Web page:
IF Only: Bears and Shoes

Cover art for Bear Dad

IF Comp 2016 is still running as I write this — though by the time you read it, we’ll be down to the final days. Most years recently, I’ve been certain what game was going to win by this point in the process. This year, I truly don’t know. Partly, that’s because the crop is so very large. With nearly 60 entrants in the pool, there are still a couple of games I haven’t even had a chance to look at at all. But partly it’s also just a wildly diverse group of games and stories, trying very different things. How to compare the grief-filled short choice-based memoir Ash with the story-sparse parser-based logic puzzle that is Inside the Facility?

Still, I have a few more recommendations from this year’s collection.

SCREW YOU, BEAR DAD (Xalavier Nelson Jr, Twine) casts you as a bear, but a bear with backstory and feelings and resentments. Through no fault of your own, and for reasons that aren’t revealed until much later, you are air-dropped into a peculiar island factory in the middle of the Pacific while suffering uncontrollable flashbacks. You kill one of the workers accidentally by landing on him, but again, this really isn’t your fault. Still, the other workers in the facility are freaked out and not sure what to do. The story flickers back and forth between the bear’s experiences in the facility, the bear’s flashbacks to its childhood and relationship to Bear Dad, and the reactions of the humans in the control room.

It’s a pretty linear game. You do get to make some choices, including some emotional choices that I really liked. But there’s also a lot of stepping through timed text or text produced in very short chunks. Also, the game does a lot with text wiggle effects. I read fast and click fast, so this didn’t particularly bother me, but I suspect it may bother some people. Personally, I found that the piece really grew on me.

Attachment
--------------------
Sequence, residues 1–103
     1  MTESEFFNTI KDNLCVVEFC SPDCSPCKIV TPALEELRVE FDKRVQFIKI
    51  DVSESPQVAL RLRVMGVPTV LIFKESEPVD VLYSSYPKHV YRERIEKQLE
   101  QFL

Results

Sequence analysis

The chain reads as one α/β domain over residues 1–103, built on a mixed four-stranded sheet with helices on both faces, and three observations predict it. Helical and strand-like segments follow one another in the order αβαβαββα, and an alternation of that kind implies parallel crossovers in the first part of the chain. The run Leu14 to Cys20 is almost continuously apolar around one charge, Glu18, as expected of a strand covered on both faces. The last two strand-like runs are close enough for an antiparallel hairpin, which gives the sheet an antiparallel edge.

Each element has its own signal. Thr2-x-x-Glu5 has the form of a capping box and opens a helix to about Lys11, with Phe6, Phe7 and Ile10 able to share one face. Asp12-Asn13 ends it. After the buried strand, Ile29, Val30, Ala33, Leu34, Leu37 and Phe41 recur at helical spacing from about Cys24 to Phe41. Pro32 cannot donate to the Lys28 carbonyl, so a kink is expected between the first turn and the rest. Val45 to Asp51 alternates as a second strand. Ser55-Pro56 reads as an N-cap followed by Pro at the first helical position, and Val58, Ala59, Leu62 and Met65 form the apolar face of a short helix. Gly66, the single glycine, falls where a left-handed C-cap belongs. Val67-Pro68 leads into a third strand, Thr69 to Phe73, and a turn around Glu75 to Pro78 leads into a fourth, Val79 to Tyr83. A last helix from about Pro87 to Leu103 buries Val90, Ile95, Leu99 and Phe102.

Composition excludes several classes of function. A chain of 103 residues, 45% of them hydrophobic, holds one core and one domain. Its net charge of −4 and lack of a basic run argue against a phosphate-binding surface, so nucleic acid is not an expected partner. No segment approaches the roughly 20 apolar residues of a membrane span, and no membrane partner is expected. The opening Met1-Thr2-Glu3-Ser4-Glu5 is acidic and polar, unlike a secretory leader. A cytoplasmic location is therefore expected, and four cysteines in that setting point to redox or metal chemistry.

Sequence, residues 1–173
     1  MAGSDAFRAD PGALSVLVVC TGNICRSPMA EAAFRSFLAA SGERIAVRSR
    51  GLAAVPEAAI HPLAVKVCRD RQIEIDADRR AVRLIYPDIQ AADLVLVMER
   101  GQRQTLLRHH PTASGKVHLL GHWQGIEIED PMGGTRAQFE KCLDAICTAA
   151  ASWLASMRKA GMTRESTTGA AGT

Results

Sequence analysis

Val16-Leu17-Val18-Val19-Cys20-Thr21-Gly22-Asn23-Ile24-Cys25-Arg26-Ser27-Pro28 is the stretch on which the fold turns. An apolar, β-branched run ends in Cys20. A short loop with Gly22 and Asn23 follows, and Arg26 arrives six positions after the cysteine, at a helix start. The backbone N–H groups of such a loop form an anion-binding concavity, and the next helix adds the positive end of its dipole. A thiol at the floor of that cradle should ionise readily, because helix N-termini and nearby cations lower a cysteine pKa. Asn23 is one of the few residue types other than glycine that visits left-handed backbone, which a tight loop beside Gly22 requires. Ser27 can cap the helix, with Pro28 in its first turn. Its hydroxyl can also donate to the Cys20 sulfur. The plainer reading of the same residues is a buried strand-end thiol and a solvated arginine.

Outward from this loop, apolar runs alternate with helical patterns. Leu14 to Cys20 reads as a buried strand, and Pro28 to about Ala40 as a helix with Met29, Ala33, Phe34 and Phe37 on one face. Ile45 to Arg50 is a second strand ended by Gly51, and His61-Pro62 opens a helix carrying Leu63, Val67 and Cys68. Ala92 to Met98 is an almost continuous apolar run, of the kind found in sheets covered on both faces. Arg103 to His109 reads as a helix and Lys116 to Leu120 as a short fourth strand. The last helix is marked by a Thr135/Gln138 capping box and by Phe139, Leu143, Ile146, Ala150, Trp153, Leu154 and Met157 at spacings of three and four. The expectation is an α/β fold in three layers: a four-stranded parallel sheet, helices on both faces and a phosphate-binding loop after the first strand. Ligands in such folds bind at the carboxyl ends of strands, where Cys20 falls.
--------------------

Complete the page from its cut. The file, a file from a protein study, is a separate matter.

Some reviewers have suggested that the relationship of Bear and Bear Dad is the emotional core and therefore they don’t really understand what’s going on with the facility and the workers there. Conceivably I’m over-reading this, but I felt as though this did all thematically add up. A lot of the backstory about the father and the child is about the father’s fears that the child won’t be prepared for the real world, or will be crushed by it. And maybe that’s reasonable, because they’re both Bears. The world makes unpleasant, unjustified assumptions about Bears: for instance, that they’re likely to be violent.

The response of the facility workers provides a context for what Bear Dad was so afraid of, and why he was trying to protect Bear You, even if his approach to protection was a lot of tough love.

I found myself reflecting on how prejudice and racism in society leach inward into the family, affecting even the closest relationships; and on how long it can take as an adult to understand what your parents were trying to overcome when they raised you. Which may be a surprising thing to find in a game full of puns about air-dropping bears.

Screenshot for Not Another Hero